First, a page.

“With low interest rates, lower home prices and a first-time buyer tax credit, we’ve been seeing healthy increases in home sales, which are a hopeful sign for the economy,” stated NAR’s Chief Economist, Yun. “There have been sustained sales gains in Arizona, Nevada and Florida.” Total home sales for the U.S. as a whole decreased 2.9 percent during the first half of 2009. However, regionally, the western states incurred the greatest cumulative increase of 11.8 percent, with Arizona, California and Nevada home sales increasing by 41.5%, 20.8% and 76.8%, respectively.
As more distressed properties enter the market causing lower prices, increased consumer affordability results. NAR’s Housing Affordability Index stood at 158.5 in July, below April’s peak, but it remains 36 percentage points higher than last year. The Index measures the relationship between home prices, mortgage interest rates and family income.
NAR representatives testified at the U.S. House Small Business Committee hearing recently that the $8,000 homebuyer tax credit, set to expire November 30, is “the best available tool for sustaining the still-fragile housing market.” NAR President McMillan urged Congress to extend the credit into 2010, claiming that the credit is “stimulating the economy and reducing inventory close to price stabilization points.” Nearly 2.0 million first-time homebuyers are expected to utilize the tax credit this year.
In a normal market, housing inventory averages 6 to 7 months. This is the time it takes to sell all the active listings at the current rate of sales. “When the tax credit was enacted in February, inventory was 9.1 months. Because of the spurt in home sales since then due to the tax credit, inventory declined to 8.2 months in August, closer to ‘normal’ than at any time since 2007,” stated an NAR representative. “Even with a good recovery taking place, the market is not yet back to normal. With a gradual absorption of inventory, we are on the cusp of a general stabilization in home prices,” stated McMillan. “Each home sale pumps an additional $63,000 into the economy through related goods and services,” the equivalent of one new job.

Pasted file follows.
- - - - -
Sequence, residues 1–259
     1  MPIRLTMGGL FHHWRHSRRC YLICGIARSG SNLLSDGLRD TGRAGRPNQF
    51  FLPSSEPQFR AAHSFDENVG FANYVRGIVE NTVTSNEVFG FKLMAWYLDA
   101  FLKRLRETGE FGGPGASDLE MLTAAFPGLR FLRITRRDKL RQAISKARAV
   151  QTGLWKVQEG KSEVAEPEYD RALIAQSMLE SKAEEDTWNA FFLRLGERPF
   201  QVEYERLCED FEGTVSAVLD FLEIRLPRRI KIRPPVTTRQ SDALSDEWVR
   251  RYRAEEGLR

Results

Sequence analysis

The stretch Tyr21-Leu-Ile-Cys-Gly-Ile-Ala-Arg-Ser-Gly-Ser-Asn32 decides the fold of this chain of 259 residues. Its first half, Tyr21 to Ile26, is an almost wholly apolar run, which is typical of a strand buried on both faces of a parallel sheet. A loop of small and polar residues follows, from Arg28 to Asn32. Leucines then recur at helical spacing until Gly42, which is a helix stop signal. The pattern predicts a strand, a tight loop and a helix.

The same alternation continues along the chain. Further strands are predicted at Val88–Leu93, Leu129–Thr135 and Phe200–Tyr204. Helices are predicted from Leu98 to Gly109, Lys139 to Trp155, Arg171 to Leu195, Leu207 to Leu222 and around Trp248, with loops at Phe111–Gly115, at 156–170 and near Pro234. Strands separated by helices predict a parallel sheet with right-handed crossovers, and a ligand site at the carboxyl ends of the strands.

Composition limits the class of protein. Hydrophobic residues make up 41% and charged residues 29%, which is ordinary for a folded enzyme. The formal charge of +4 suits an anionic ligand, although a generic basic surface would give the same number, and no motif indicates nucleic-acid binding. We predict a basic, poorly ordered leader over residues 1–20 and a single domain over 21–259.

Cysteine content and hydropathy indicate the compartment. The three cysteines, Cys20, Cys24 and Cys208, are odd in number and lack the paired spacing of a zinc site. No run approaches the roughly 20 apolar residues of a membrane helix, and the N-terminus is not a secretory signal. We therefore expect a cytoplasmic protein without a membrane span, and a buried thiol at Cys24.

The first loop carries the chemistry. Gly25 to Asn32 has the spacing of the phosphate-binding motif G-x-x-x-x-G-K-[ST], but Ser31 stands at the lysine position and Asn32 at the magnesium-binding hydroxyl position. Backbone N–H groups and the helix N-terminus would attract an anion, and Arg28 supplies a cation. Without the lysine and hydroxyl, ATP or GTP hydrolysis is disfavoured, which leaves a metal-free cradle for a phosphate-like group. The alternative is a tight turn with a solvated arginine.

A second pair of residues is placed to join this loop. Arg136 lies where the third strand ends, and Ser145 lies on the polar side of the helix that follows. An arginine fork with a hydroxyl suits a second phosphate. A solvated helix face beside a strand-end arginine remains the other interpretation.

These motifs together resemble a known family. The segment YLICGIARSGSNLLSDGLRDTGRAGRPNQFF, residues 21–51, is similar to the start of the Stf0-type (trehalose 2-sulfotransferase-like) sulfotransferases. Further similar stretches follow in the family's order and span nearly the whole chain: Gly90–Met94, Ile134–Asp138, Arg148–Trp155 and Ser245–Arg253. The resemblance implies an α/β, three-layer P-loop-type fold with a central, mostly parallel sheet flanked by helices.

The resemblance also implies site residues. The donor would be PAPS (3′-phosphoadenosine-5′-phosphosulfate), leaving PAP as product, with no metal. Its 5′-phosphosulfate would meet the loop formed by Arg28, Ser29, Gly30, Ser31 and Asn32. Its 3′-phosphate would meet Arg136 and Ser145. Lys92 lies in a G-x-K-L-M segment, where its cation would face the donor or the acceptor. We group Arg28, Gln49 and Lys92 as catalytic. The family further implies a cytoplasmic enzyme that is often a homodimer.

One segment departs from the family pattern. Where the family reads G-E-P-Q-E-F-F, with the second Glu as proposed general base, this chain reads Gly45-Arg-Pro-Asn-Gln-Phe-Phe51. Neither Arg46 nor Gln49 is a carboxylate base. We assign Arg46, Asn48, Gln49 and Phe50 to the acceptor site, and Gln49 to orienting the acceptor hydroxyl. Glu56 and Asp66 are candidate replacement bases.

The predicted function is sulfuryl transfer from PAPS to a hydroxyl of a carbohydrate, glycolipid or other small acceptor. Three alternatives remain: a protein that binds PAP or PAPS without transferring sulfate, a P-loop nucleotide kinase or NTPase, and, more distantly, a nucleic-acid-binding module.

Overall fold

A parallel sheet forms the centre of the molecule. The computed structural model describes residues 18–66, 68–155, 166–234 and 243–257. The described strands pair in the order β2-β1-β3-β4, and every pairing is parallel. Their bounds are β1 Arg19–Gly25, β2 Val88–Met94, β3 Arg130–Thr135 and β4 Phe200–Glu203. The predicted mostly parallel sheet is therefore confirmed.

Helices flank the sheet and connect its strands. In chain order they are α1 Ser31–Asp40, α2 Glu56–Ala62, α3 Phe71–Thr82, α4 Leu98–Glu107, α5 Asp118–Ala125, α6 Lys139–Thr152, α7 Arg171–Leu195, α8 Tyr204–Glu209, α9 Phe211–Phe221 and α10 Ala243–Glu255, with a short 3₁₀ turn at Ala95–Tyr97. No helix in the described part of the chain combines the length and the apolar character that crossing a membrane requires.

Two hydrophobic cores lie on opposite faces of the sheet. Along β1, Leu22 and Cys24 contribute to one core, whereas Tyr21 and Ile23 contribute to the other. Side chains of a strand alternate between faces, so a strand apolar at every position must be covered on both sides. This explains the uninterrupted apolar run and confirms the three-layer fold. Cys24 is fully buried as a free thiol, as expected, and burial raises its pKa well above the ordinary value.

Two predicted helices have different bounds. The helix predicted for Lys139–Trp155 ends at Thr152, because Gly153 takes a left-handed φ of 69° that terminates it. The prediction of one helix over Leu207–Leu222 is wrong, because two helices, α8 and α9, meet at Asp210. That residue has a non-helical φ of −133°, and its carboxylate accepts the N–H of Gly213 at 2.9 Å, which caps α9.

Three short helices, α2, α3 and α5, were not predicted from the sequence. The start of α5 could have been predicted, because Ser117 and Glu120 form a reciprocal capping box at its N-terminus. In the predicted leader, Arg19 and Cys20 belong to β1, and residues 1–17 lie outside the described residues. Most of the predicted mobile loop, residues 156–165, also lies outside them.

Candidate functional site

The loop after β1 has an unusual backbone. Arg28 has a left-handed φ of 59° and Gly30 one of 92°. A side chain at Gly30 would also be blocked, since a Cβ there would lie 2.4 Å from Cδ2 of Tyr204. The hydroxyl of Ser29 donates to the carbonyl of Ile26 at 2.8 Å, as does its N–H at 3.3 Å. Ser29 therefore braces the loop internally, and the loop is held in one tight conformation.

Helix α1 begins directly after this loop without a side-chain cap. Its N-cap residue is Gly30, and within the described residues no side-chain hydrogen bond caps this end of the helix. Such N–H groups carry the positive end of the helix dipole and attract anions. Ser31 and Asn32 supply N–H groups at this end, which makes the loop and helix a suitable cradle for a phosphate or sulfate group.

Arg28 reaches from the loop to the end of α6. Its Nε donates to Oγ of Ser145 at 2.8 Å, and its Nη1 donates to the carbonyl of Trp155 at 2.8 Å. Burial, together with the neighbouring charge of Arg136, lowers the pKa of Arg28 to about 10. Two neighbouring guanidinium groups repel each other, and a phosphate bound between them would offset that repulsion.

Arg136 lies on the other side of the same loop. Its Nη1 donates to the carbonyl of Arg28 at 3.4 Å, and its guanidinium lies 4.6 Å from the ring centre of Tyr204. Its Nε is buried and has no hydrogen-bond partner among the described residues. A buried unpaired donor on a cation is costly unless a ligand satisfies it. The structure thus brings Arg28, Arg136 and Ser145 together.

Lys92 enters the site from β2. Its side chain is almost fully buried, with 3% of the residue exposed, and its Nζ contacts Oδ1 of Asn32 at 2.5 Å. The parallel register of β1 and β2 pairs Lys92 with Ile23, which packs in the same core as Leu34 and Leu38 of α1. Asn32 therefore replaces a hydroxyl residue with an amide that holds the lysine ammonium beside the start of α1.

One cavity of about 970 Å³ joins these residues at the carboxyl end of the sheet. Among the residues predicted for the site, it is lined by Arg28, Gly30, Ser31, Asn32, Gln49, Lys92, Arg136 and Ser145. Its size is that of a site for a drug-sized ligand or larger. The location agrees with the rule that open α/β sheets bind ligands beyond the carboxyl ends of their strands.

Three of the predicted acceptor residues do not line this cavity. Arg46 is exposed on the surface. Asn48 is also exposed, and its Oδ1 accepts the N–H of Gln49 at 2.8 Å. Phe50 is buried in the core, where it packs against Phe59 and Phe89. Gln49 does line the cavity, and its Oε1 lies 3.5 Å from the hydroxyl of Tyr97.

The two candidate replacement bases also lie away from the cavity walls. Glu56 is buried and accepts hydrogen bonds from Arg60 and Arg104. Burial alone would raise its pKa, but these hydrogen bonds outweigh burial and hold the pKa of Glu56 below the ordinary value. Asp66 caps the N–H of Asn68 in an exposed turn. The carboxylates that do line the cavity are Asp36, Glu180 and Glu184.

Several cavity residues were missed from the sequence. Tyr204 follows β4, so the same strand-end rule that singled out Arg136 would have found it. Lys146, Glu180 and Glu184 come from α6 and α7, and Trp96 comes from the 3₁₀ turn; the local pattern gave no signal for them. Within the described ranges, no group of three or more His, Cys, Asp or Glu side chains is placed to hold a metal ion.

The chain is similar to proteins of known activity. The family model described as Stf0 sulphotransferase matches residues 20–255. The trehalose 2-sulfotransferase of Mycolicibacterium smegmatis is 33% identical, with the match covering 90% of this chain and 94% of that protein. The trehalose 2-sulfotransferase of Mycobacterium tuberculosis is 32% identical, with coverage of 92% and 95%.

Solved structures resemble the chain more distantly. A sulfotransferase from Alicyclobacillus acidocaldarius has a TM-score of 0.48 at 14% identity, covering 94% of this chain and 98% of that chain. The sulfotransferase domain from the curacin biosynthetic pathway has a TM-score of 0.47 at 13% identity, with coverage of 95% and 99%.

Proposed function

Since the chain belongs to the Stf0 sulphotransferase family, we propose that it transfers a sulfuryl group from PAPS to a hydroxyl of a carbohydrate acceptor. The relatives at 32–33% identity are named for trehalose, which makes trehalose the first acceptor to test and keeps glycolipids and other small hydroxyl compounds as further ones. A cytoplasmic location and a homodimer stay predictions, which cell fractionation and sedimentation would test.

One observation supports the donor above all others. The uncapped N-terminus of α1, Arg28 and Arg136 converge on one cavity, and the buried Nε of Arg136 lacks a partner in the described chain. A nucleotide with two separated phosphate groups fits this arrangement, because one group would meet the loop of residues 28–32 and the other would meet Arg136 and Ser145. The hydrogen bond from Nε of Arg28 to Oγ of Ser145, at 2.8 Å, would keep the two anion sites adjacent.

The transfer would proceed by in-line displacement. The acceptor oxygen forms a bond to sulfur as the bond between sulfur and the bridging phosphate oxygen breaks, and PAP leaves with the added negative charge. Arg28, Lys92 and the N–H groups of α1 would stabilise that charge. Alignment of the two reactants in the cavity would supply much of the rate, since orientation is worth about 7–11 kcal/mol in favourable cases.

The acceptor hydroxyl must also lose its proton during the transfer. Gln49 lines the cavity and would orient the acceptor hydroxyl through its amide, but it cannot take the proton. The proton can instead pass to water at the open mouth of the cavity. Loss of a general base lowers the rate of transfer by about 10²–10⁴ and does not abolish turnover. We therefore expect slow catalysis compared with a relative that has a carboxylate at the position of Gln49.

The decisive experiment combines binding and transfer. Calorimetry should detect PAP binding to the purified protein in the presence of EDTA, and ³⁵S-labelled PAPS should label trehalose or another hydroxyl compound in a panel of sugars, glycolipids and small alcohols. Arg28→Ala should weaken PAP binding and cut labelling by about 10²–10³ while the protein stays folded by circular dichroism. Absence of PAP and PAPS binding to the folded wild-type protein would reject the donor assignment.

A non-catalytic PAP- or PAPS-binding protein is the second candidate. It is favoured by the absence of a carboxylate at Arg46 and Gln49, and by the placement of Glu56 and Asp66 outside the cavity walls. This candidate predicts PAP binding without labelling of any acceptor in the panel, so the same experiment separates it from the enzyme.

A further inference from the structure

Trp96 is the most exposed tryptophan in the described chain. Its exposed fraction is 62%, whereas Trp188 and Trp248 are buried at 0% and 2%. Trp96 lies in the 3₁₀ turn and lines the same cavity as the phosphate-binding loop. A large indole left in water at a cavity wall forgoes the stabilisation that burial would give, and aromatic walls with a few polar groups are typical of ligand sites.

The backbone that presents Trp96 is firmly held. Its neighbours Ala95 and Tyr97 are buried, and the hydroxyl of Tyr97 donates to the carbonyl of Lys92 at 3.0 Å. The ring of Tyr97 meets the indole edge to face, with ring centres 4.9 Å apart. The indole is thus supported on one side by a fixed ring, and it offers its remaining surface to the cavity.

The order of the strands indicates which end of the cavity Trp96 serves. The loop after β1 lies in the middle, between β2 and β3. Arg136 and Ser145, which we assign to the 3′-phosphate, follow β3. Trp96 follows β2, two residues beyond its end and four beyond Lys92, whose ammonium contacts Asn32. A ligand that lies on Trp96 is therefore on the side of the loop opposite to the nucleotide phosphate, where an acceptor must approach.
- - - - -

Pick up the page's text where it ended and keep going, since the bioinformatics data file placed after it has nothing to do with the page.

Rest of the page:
According to the highly-respected Cromwell Report, Phoenix inventory decreased dramatically from a high of nearly 20 months in January 2008 to 11.3 months in February 2009, to slightly above a 4 month supply in July. It was still in the 4 month range on October 16, 2009.
Pending home sales have increased nationally for seven consecutive months, the longest series in the history of NAR’s Pending Home Sales Index, which began in 2001. The Index rose 6.4 percent to 103.8 in August of ‘09 from 97.6 the month before, 12.4 percent above August of ‘08. In the western states, the cumulative Index rose 16 percent in 2009, 22.3 percent above the preceding year.
“When buying real estate, consider all the facts and trends specific to your target market,” advises LaVoie. “Today’s market is not all negative, positive things are happening, especially in the west and certainly in the Phoenix Metropolitan area. We’ve never seen investment opportunities like this before and we may never see them again in our lifetime.”
An NAR spokesperson recently observed, “The buyer psychology may be shifting from, ‘Why buy now when I can purchase later?’ to ‘I don’t want to miss out on a recovery!’” Patrick LaVoie adds, “Buy right and buy smart, because bought well is half sold.”